Now no one expects teenagers to be financially savvy. Many do not understand the difference between bad debt that can sink their finances and good debt that can help them get ahead. The trouble comes when teenagers make an all-or-nothing decision based on their ignorance.

That is true for those who will spend anything to get their degree and those who are so averse to debt they will borrow nothing.

The nuance that the debt-avoiding teens are missing is that those sob stories about unemployed or barely employed college graduates with six-figure student loan debt are very much the minority. (Still, see how you could end up with a six-figure debt for film degree here.)

Even though student loan debt is rising, just 7% of borrowers take out more than $50,000, according to the Brookings Institution’s Brown Center on Education Policy. Only 2% take more than $100,000.

The average debt at graduation for bachelor’s degree recipients is $33,000, said Mark Kantrowitz, author of Filing the FAFSA and publisher of Edvisors.com, a higher education resources site.

That amount may seem formidable, but for most graduates it is not.

“If total student loan debt at graduation is less than the annual starting salary, the borrower will be able to repay his or her student loans in ten years or less,” Kantrowitz says.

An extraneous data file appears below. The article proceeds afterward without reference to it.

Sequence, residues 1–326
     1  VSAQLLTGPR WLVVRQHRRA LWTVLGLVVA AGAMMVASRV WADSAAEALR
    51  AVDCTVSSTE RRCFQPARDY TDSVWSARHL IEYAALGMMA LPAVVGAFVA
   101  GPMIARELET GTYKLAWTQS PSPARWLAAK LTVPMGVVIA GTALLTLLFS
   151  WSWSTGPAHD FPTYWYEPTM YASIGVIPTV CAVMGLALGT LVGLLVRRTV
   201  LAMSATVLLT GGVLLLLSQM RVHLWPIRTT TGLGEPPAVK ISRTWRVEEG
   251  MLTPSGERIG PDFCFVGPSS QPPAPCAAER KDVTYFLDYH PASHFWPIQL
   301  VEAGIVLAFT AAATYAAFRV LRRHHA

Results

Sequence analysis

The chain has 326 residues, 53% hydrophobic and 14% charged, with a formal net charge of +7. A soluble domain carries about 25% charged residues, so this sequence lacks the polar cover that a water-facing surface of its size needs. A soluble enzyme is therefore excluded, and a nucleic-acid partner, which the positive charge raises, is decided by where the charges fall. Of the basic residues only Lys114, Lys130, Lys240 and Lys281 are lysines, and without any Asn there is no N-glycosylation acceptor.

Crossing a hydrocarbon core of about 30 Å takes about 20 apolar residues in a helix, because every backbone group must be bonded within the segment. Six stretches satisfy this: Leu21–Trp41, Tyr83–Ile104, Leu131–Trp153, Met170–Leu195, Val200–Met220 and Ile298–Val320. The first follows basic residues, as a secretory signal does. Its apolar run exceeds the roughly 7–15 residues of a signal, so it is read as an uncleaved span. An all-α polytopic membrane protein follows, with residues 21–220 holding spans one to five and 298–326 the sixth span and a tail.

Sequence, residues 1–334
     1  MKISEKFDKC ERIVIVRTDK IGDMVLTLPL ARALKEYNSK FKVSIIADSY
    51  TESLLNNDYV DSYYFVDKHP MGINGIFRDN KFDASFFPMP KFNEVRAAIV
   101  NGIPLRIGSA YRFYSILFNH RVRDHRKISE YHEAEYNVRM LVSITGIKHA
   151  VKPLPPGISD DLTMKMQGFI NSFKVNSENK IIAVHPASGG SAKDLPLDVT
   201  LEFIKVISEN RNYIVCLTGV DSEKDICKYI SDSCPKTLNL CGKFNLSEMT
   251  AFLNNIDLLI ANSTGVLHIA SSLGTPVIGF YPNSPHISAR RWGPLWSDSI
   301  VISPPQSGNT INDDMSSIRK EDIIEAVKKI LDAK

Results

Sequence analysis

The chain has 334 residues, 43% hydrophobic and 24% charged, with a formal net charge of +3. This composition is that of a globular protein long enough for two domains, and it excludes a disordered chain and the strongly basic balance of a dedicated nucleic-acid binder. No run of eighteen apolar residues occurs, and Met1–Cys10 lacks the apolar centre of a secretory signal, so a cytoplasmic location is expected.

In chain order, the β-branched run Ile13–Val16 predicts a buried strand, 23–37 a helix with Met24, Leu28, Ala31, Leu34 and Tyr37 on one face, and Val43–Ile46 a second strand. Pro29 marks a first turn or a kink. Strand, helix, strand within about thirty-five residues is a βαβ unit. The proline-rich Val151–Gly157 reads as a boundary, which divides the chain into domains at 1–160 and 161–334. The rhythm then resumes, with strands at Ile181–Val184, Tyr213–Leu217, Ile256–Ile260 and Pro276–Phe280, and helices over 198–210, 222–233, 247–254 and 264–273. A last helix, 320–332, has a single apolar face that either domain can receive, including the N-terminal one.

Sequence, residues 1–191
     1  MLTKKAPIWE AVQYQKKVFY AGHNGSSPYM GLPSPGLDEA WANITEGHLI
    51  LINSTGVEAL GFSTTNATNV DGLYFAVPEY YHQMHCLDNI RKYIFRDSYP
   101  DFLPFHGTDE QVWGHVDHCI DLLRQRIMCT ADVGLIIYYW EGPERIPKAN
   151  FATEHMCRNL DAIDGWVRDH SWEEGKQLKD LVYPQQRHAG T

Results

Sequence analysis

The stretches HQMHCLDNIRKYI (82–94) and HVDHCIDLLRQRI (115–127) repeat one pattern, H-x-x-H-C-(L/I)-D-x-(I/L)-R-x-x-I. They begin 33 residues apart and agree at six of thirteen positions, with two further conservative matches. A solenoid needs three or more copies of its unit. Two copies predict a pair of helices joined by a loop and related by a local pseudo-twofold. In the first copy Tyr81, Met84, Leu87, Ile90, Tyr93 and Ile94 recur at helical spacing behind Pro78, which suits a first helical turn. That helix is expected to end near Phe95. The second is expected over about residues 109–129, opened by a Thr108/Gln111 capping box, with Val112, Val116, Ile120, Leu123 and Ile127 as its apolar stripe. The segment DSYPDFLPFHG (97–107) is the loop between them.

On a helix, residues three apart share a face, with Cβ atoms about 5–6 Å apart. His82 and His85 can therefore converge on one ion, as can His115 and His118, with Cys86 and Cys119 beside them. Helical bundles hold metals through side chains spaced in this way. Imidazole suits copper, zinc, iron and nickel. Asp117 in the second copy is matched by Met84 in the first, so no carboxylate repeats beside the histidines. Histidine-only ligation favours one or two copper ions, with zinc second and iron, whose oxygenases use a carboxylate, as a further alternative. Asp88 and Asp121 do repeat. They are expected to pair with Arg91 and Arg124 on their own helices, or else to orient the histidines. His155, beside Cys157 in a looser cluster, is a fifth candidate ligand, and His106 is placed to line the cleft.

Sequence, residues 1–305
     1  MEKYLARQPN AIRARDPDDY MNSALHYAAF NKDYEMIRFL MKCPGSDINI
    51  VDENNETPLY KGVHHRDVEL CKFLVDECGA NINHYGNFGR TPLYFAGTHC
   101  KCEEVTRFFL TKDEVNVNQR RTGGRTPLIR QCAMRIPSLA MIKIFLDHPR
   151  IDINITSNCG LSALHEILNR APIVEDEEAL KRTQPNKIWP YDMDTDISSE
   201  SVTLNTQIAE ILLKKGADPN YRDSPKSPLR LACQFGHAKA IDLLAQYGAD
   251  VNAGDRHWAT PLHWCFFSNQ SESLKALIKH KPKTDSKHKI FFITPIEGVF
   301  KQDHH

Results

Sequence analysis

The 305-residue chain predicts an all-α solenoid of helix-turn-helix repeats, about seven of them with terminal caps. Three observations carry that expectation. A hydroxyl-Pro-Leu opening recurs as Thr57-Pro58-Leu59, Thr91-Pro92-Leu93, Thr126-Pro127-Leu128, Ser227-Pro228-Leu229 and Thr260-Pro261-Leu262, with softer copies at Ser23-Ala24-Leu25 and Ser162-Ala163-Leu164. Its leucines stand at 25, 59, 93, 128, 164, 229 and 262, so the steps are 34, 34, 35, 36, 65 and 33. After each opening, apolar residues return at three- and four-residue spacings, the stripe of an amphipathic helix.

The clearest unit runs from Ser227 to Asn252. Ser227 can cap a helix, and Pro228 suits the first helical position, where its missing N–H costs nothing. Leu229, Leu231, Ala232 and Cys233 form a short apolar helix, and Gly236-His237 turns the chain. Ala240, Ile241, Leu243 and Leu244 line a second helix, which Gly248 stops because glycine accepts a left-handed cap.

For most graduates, that’s the case. The average starting salary for new college graduates this year was $45,473, according to the National Association of Colleges and Employers, ranging from a low of $38,365 for humanities and social science majors to a high of $62,719 for engineers.

Even larger debts may not be cause for concern. About a quarter of the increase in student loan debt comes from rising levels of education—more people attending graduate and professional schools.

Advanced degrees typically confer higher incomes, according to Georgetown University’s Center on Education and the Workforce. Master’s degree holders can expect to earn $2.7 million over a lifetime while professional degree holders can expect $3.6 million.

That compares to the $2.3 million someone with a bachelor’s degree can expect to earn and the $1.3 million expected earnings for those with only a high school diploma.

Of course, not everyone needs or wants a four-year degree. The payoff for a two-year associate’s degree from a community college—an education mostly covered by that $10,000 in borrowing—can be considerable. The Georgetown researchers figured an associate’s degree-holder can expect to earn $1.7 million over a lifetime. What’s more, 28% of associate’s degree make more than the median earned by a four-year degree holder.

For most people, though, the investment in a four-year degree will pay off handsomely in terms of higher incomes and lower unemployment. An unreasonable fear of debt should not be the deciding factor between a good education and something less.